Democrats Race To Get Abortion on Swing State Ballots To Blunt Biden’s Sinking Poll Numbers

Abortion advocates are pushing ballot initiatives across the country, after a wave of success in seven states since the Dobbs decision.

AP/David Erickson
Protesters in support of access to abortion medication outside the Federal Courthouse on March 15, 2023 at Amarillo, Texas. AP/David Erickson


Democrats are racing to put abortion on the ballot in 2024 after seeing victories on every state ballot it’s been on since the overturning of Roe v. Wade.

The measures come after abortion advocates were encouraged by a wave of victories in off-year elections, including a measure to protect abortion in the state’s Constitution that passed by more than 13 percentage points in conservative-leaining Ohio.

The movement also saw a series of wins this election season on Pennsylvania’s Supreme Court, in the Kentucky governor’s race, and in Virginia’s legislature. 

In addition to Ohio, state ballot measures have been successful in California, Kansas, Kentucky, Michigan, Montana, and Vermont since 2022’s Dobbs v. Jackson Women’s Health Organization decision. Now, abortion proponents are pushing ballot initiatives in states across the country, as Democrats cling to a winning issue that they hope can offset President Biden’s sinking approval ratings

In addition to the ballot referendums, Democrats have been campaigning heavily through advertisements on abortion, targeting women voters in key swing states. 

“Reproductive healthcare decisions are among the most personal a woman will ever make, they are choices that should be made by  you and your doctor, and the last people who should be involved are these guys,” says one such ad that ran this fall in key swing states for the Biden-Harris reelection campaign. It displayed clips of  Republican candidates President Trump and Governor DeSantis supporting measures against abortion. 

New York and Maryland already have questions on the ‘24 ballot to determine if each state will enshrine abortion into its constitution. A series of similar pro-abortion ballot efforts are underway in states ranging from Arizona and Colorado to Florida and Missouri, with traction coming in some states more than others.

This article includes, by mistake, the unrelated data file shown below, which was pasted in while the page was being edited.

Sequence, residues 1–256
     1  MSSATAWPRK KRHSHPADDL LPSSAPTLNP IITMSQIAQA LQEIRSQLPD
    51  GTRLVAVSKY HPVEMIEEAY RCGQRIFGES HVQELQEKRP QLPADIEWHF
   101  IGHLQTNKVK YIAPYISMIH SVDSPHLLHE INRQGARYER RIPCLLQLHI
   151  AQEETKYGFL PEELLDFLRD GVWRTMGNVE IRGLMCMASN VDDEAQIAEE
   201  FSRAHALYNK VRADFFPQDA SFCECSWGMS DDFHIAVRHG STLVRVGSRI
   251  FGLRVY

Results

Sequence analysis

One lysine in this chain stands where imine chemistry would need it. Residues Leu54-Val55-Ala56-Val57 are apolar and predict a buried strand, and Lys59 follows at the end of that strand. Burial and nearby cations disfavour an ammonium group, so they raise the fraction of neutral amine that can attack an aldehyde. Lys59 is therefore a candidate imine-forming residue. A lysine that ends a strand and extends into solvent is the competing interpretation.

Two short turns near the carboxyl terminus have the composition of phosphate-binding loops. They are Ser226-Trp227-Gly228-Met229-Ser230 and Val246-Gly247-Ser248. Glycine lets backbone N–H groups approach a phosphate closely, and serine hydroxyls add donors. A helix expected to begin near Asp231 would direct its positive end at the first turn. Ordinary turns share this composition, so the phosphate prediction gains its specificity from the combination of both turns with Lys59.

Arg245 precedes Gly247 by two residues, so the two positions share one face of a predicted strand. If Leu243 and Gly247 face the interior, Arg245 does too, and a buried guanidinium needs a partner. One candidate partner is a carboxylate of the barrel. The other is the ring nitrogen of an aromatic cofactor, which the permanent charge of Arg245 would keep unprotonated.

In Nevada, a district court judge last week struck down an initiative petition that would have put the question of enshrining abortion in Nevada’s Constitution to a vote. The Coalition for Parents and Children that put sought to block the vote argued the petition was too broad since it extended beyond reproductive rights and included birth control, prenatal care, and postpartum care.

“This is probably the clearest case I have seen that I think there is a violation of the single subject rule,” the judge, James Russell said in his ruling, adding that the “too many subjects” on the ballot petition were not all “functionally related to each other.”

Abortion advocates have promised to appeal the decision to the state’s Supreme Court.

Nevadans for Reproductive Rights president Lindsay Harmon told the Associated Press that the group “will not let one judge’s misguided ruling deter us from giving Nevadans the opportunity to vote to permanently protect their reproductive rights in the Nevada Constitution.”

For right-to-life groups across the country, the fight is far from over as well. “Rest assured: the pro-life movement is more united than ever,” Protect Women Ohio, the group leading efforts against Ohio’s ballot measure, said in a statement on X. “We persevered for 50 years to overturn Roe v Wade. Ours is a movement that has always endured, and always will.”


The New York Sun

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